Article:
The pathogenesis of diabetic nephropathy: focus on microRNAs and proteomics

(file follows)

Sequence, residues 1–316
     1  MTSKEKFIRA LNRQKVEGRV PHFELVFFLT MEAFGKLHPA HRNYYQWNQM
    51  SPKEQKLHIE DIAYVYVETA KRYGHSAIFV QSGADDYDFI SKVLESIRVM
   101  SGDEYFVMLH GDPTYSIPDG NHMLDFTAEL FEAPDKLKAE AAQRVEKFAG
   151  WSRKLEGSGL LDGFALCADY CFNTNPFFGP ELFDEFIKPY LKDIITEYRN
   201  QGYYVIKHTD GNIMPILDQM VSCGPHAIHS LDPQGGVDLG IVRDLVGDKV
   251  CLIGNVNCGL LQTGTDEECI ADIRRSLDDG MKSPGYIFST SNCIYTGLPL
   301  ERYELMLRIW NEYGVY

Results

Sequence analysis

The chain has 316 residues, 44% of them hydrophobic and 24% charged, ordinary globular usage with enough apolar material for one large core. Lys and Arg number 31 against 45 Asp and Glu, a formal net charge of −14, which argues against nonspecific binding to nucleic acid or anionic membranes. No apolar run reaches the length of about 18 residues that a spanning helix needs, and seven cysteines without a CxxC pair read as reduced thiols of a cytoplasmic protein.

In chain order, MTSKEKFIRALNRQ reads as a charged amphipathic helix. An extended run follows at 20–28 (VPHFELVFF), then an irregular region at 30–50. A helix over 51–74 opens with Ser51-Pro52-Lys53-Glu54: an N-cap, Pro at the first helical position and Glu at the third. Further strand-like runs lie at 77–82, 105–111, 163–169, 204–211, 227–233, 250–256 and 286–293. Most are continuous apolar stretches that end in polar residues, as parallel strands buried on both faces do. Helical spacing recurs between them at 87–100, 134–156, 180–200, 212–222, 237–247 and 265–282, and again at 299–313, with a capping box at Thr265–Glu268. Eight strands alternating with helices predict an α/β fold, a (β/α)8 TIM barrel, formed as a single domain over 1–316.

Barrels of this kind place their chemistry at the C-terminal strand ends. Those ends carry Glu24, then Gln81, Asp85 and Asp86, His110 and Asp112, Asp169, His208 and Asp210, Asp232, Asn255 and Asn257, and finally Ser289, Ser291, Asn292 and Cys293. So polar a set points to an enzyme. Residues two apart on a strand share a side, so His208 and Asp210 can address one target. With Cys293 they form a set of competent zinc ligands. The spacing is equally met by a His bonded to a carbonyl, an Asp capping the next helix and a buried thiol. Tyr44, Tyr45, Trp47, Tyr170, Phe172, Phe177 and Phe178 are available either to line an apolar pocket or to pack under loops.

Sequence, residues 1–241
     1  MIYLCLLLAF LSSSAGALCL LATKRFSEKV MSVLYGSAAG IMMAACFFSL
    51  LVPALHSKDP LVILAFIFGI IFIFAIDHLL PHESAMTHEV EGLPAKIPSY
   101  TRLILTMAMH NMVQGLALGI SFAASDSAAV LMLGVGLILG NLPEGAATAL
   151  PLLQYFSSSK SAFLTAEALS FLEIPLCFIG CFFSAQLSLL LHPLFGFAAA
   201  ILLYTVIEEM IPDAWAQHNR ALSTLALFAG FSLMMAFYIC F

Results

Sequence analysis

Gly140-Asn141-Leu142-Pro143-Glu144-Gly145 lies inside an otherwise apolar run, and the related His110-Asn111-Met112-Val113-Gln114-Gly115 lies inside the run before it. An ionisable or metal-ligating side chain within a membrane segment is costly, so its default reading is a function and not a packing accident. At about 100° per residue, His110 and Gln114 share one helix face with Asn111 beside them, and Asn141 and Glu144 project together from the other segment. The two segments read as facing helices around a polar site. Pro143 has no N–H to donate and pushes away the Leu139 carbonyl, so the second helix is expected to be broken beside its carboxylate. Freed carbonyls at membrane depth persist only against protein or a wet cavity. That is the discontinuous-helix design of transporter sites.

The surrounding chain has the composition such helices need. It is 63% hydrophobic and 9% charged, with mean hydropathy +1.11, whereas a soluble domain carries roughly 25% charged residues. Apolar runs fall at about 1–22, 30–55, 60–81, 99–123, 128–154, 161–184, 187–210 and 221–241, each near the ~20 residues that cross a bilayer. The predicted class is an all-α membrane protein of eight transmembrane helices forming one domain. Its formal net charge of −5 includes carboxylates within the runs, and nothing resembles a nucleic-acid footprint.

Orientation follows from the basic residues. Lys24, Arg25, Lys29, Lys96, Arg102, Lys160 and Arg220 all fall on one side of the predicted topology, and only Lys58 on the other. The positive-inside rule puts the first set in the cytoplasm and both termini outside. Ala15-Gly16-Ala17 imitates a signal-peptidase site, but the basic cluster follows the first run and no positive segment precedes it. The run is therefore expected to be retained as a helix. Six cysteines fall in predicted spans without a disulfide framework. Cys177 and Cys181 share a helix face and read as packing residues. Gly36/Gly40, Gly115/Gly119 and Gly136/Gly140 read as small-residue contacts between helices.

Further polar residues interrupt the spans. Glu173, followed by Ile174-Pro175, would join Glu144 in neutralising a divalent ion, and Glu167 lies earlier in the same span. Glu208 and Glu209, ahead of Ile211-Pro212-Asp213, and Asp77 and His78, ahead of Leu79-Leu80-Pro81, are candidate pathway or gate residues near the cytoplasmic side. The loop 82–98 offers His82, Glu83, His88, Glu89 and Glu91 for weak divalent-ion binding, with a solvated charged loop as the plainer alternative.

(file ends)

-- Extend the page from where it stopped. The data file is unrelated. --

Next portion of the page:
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The prevalence of type 2 diabetes mellitus is growing exponentially in Western countries, and the incidence of this condition is today increasing worldwide. Other than for cardiovascular complications, diabetes is particularly challenging for the kidney's health and proper function. Prolonged exposure of the kidneys to hyperglycemia in fact often results in a clinical complication called diabetic glomerulosclerosis, also known as diabetic nephropathy. Diabetic nephropathy represents today the leading cause of end-stage renal disease in Western countries. When left untreated or undiagnosed, diabetic nephropathy is ultimately responsible for the need for dialysis and, in the worst cases, kidney transplantation of the affected individuals. The pathogenesis of diabetic nephropathy has been studied extensively. A great number of metabolites, cytokines, proteins and transcription factors play a role in the accumulation of extracellular matrix and mesangial proliferation in the glomerulus; importantly, these phenotypic alterations are considered the 2 histological hallmarks of diabetic nephropathy. Additional effort is however required to understand the wide network of biochemical pathways that link diabetes to the renal damage in the long run. The integrative analysis of the proteomic and transcriptomic features of body fluids and/or bioptic samples among different categories of patients affected by diabetic nephropathy, if based on the accurate classification of the histopathological changes in the glomerular and tubulointerstitial compartment, could lead to the identification of new early biomarkers. This approach could represent an effective, noninvasive, alternative tool for early diagnosis and intervention.

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